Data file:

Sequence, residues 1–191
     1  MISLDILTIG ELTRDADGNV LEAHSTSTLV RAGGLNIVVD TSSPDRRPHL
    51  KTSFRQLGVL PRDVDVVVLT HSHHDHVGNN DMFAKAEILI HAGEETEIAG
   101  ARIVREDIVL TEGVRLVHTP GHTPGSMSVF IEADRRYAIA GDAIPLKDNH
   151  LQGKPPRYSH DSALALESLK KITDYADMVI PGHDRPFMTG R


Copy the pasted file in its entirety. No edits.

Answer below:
Sequence, residues 1–191
     1  MISLDILTIG ELTRDADGNV LEAHSTSTLV RAGGLNIVVD TSSPDRRPHL
    51  KTSFRQLGVL PRDVDVVVLT HSHHDHVGNN DMFAKAEILI HAGEETEIAG
   101  ARIVREDIVL TEGVRLVHTP GHTPGSMSVF IEADRRYAIA GDAIPLKDNH
   151  LQGKPPRYSH DSALALESLK KITDYADMVI PGHDRPFMTG R